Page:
Ein idyllisches Dorf in den Bergen am Wasser
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Lake Hallstatt, Hallstatt


Science in Austria

Austria, the small landlocked country in the heart of Europe, is home to almost nine million people. Just under a third of them live in Vienna, the capital of Austria. This city has been the home to some remarkable people, such as the composer Johann Strauss or the doctor and psychologist Sigmund Freud, founder of psychoanalysis. His theories include the Oedipus complex as well as the division of the personality into ego, superego and id. He thus established that people have a subconscious in addition to the conscious mind and thus laid a foundation stone of modern psychology. Freud was one of the first scientists to take the influence of the subconscious seriously. In the course of the past century, several Nobel Prizes have also gone to Austrians, for example to Karl Landsteiner, the discoverer of blood groups and the Rhesus factor, or to Erwin Schrödinger, who is known as one of the fathers of quantum physics and created the famous thought experiment "Schrödinger's Cat". Today, Austria's research focuses on the life sciences, but also on the social sciences and humanities.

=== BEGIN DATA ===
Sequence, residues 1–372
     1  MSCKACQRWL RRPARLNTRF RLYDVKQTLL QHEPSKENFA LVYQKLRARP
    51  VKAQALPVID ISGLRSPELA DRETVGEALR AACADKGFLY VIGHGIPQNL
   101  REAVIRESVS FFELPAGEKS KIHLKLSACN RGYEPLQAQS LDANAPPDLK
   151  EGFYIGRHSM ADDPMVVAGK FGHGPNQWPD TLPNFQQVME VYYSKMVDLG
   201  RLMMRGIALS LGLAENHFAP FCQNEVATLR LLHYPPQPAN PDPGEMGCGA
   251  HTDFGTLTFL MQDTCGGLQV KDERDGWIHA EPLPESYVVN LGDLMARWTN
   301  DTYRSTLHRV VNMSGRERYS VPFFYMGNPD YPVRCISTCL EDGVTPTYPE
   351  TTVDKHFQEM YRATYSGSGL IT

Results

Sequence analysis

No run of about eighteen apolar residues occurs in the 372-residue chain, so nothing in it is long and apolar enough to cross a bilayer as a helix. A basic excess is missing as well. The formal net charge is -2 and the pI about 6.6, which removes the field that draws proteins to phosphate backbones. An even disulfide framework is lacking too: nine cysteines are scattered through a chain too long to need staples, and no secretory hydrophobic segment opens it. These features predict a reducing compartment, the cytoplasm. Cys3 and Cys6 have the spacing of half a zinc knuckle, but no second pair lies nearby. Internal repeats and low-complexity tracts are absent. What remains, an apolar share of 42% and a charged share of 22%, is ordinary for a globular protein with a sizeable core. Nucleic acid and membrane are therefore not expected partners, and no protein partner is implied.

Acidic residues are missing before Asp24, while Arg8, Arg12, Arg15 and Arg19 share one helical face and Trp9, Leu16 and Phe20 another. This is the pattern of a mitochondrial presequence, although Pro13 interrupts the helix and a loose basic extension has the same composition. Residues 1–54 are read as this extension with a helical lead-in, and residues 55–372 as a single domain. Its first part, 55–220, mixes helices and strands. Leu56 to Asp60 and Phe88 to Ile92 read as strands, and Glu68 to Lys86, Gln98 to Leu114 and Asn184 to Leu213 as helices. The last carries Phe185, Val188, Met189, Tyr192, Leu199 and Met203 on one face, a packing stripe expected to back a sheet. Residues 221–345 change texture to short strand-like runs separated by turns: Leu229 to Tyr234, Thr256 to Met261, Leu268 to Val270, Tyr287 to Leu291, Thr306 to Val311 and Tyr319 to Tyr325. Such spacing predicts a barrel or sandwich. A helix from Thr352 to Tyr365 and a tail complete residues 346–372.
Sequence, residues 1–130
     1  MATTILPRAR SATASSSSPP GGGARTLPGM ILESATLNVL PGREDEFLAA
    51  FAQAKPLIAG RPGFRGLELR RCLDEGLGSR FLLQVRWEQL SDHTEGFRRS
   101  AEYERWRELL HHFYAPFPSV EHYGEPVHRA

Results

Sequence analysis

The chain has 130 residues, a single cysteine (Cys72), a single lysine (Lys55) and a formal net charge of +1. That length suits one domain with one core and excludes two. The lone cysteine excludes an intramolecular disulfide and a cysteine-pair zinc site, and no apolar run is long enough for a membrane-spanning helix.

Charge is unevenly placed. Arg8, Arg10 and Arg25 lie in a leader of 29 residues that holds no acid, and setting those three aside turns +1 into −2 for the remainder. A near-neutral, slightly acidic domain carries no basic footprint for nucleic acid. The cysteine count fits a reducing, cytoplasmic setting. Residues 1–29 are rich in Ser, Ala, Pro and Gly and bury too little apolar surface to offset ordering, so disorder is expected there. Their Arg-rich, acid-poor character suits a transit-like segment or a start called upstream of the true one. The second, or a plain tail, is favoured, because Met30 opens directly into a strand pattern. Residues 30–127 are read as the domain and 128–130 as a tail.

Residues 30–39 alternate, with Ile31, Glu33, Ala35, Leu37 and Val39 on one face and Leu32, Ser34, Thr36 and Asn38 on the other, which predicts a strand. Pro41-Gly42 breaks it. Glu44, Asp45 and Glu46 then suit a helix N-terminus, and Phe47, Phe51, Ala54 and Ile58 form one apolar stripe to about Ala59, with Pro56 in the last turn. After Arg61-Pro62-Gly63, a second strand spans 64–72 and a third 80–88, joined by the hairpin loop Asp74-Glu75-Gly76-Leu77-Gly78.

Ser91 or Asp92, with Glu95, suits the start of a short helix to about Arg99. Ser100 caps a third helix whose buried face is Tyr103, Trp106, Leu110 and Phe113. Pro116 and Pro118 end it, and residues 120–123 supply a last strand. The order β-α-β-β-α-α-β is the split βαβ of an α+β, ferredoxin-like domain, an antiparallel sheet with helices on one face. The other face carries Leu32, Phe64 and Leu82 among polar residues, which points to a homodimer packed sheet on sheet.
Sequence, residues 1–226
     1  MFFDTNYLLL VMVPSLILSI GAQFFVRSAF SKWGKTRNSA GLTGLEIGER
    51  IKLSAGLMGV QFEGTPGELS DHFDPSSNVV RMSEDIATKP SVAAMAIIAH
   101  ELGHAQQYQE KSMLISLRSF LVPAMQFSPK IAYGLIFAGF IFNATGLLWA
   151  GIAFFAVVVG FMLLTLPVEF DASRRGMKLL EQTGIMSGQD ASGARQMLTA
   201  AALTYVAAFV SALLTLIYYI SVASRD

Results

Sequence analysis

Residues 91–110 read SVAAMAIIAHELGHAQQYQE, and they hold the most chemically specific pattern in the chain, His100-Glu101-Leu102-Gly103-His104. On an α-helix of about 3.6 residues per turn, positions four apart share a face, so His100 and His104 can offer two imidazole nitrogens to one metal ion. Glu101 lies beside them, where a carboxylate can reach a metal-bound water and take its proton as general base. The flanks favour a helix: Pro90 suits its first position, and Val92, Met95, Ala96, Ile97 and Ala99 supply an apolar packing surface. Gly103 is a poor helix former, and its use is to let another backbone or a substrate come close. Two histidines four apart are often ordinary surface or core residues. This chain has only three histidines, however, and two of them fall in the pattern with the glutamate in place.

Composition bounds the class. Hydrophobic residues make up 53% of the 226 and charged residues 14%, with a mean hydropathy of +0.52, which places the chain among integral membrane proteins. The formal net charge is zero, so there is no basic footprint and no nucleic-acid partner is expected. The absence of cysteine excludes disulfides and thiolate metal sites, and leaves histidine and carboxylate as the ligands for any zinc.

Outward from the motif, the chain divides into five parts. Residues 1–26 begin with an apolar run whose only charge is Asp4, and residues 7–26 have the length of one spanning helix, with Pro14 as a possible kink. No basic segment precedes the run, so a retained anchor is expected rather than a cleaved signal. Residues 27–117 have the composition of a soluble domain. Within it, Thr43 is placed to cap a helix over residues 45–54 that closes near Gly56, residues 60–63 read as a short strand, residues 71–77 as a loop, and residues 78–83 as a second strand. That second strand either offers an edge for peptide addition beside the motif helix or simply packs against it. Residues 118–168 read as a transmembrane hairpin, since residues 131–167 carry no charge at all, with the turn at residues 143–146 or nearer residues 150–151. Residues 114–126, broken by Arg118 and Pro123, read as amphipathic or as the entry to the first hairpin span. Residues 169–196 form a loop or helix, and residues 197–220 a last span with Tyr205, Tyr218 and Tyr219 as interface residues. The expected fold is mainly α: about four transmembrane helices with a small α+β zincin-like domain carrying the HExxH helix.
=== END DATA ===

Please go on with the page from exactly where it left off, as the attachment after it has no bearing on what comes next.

The Facts

Population 8,823,054
Area 83,871 km²
Gross domestic product per capita in US-Dollar 51,453.1
Public expenditure on education (share of GDP) 4.8 %
Share of female researchers 30.1 %
Universities 85
Universities per 1 million inhabitants 9.60
Students 423,049
Expenditure on Research and Development (share of GDP) 3.1 (share of GDP)

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